Tilly Walnes answers all your burning beginners’ sewing questions…
If ou’ve been inspired by the Great British Sewing Bee to get stitching but are blinded by all the buttons on your sewing machine, don’t have a clue what a stitch unpicker is, and think basting is what you do to a turkey, never fear!
We hung out with Tilly Walnes of Tilly and the Buttons (and also Great British Sewing Bee alumni herself) to answer all your beginners’ sewing questions so you’ll be stitching like a pro in no time. Plus, Tilly’s Marigold 2-in-1 easy-to-sew jumpsuit and trouser pattern is issue 104’s gift, so who better to answer all your sewing conundrums?
What sewing machine is best for beginners?
Tilly says: There are lots of great machines out there with entry-level prices for beginners who don’t need all the bells and whistles of a professional model. Look for a sewing machine that’s full size, with a straight stitch (for most stitching), an adjustable zigzag stitch (for finishing edges and sewing knits), and a buttonhole function. Get one from a well-known brand, as it’ll be easier to find extra parts that fit it and to get it serviced.
How do I sew a buttonhole – do I need a special attachment?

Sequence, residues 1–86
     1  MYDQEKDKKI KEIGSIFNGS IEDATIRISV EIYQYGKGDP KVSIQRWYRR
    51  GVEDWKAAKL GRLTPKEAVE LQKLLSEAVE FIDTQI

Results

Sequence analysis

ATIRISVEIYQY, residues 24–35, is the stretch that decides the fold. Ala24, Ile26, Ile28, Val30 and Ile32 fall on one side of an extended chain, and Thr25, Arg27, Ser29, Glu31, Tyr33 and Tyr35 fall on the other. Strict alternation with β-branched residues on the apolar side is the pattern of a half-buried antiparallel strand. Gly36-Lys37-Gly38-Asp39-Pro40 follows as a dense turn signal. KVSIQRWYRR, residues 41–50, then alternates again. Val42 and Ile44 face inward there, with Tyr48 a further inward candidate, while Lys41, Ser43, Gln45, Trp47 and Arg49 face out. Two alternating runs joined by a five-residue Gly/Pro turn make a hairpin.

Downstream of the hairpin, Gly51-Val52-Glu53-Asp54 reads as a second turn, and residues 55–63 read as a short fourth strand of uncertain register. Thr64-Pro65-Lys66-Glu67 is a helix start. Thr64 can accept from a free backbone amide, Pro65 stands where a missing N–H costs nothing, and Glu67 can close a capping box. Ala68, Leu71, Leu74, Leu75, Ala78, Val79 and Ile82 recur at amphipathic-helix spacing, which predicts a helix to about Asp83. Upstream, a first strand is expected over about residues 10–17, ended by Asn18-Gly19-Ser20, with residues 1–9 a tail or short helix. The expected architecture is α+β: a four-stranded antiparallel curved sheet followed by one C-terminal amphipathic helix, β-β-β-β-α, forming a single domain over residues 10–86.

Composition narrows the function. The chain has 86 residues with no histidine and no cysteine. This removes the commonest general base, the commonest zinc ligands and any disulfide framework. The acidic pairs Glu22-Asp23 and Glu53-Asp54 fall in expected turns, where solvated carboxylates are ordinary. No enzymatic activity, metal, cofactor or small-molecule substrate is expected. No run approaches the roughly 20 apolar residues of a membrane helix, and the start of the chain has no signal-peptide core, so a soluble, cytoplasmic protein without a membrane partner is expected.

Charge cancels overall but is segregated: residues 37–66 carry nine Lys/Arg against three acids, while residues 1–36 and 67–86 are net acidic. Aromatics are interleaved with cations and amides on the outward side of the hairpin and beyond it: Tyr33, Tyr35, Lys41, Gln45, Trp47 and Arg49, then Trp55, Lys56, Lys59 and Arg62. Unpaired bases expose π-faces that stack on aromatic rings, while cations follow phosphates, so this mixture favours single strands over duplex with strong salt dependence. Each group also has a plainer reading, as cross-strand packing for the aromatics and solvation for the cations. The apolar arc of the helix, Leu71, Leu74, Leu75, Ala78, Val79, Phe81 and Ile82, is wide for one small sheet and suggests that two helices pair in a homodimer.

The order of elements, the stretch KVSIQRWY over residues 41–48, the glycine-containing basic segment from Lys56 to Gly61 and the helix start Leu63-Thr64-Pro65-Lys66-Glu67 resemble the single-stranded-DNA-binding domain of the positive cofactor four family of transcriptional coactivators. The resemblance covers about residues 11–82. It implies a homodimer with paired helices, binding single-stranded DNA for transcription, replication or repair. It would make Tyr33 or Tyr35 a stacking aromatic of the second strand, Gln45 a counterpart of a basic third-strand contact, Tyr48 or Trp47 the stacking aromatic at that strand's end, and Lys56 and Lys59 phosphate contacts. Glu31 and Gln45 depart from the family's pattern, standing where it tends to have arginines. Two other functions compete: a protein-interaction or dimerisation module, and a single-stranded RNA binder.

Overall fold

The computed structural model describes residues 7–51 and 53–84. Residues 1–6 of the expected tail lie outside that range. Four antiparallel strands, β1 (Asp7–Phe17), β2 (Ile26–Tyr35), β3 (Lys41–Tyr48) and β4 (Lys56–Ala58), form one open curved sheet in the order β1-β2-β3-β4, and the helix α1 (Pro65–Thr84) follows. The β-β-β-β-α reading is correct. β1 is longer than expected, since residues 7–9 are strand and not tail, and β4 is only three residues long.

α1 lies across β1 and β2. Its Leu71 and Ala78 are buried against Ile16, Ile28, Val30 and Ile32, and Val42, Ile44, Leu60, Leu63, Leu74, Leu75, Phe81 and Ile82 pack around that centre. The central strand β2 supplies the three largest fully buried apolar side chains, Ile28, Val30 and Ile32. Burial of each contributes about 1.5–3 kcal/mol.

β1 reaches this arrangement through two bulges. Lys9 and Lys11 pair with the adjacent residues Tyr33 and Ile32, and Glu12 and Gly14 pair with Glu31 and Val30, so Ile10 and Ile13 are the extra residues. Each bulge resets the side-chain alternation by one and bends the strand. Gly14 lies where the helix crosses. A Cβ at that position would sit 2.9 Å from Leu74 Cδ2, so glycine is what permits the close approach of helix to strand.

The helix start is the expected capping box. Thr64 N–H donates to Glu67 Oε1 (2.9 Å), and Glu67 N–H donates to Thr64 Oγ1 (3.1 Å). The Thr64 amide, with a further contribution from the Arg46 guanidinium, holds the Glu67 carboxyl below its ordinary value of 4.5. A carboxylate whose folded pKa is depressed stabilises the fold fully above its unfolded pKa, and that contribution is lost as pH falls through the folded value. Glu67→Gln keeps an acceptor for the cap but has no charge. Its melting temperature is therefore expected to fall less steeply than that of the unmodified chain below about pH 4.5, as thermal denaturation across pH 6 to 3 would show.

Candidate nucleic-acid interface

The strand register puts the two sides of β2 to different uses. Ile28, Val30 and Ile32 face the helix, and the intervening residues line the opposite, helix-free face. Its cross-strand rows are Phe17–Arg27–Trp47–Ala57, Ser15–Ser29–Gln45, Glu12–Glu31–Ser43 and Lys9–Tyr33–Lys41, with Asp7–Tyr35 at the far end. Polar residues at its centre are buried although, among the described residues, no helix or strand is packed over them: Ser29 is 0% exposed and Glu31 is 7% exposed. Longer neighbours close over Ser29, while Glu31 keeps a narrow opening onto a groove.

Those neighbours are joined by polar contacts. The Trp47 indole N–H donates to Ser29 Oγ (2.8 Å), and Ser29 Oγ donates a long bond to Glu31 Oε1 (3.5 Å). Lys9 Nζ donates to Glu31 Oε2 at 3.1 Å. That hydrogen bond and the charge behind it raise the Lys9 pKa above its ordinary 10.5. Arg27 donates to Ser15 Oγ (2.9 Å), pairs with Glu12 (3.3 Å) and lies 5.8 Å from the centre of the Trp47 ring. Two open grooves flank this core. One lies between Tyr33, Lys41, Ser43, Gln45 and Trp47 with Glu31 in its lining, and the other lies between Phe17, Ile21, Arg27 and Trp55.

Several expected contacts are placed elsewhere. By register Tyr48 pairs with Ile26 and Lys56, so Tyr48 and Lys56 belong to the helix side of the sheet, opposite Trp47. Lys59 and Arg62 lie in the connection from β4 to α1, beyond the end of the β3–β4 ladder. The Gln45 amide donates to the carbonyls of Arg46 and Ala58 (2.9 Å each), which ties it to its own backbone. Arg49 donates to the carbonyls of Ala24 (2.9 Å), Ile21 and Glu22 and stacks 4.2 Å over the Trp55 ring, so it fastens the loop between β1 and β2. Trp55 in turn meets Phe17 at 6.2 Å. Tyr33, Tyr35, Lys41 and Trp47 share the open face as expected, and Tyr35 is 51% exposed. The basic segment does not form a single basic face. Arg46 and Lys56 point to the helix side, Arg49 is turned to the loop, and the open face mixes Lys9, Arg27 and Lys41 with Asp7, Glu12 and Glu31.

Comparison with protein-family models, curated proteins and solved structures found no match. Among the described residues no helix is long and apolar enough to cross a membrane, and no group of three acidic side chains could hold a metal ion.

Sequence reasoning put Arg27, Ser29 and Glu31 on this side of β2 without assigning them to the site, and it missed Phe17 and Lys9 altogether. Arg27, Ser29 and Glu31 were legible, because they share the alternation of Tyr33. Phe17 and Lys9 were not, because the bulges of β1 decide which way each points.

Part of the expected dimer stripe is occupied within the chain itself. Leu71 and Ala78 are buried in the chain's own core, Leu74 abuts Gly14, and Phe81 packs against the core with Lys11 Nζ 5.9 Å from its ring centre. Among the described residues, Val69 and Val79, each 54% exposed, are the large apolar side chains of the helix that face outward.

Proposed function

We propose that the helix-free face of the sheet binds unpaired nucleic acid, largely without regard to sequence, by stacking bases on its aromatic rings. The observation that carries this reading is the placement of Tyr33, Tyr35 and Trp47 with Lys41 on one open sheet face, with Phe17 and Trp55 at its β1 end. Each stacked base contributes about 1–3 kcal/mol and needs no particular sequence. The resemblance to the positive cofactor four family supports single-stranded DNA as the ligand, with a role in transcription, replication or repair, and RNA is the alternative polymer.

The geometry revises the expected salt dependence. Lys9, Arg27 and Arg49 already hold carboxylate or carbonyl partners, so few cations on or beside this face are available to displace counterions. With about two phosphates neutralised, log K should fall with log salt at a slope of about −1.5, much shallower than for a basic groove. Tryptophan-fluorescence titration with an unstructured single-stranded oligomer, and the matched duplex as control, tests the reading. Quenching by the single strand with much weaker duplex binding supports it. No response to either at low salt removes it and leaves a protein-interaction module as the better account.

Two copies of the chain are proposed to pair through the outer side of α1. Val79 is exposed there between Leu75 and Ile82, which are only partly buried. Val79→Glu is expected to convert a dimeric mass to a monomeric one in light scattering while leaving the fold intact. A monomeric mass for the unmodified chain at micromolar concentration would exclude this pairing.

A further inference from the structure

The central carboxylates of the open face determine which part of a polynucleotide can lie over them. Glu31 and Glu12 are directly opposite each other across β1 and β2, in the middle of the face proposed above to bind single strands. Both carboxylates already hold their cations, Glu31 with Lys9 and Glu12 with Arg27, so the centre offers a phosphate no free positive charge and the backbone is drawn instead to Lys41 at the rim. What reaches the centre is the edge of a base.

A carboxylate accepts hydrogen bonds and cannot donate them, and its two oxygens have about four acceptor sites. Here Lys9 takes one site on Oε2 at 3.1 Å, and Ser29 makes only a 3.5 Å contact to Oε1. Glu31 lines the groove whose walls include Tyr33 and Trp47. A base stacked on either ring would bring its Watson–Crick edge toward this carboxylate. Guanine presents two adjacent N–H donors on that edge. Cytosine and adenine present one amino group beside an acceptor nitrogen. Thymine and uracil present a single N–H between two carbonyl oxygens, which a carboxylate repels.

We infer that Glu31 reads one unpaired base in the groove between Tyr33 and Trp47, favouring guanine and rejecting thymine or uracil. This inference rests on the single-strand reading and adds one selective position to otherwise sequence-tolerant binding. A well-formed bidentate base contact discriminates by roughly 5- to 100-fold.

Tilly says: There are two main types – one-step buttonholes, which are sewn automatically by your machine at the touch of a button, and four-step buttonholes, which you sew manually in four stages. Have a quick look at the instructions in your machine’s manual to see which one yours does. Your machine should include a buttonhole foot designed for the type of buttonhole it sews too.
Can I just use my sewing machine if I don’t have an overlocker?
Tilly says: Yes! Overlockers, AKA sergers, are great for sewing stretch knit fabrics and for finishing the seams on woven garments. However, you can use the zigzag on your regular sewing machine for both – a narrow zigzag for joining knits, and a wide zigzag for finishing seams on wovens. I wouldn’t worry about getting an overlocker if you’re just starting out.
What is interfacing?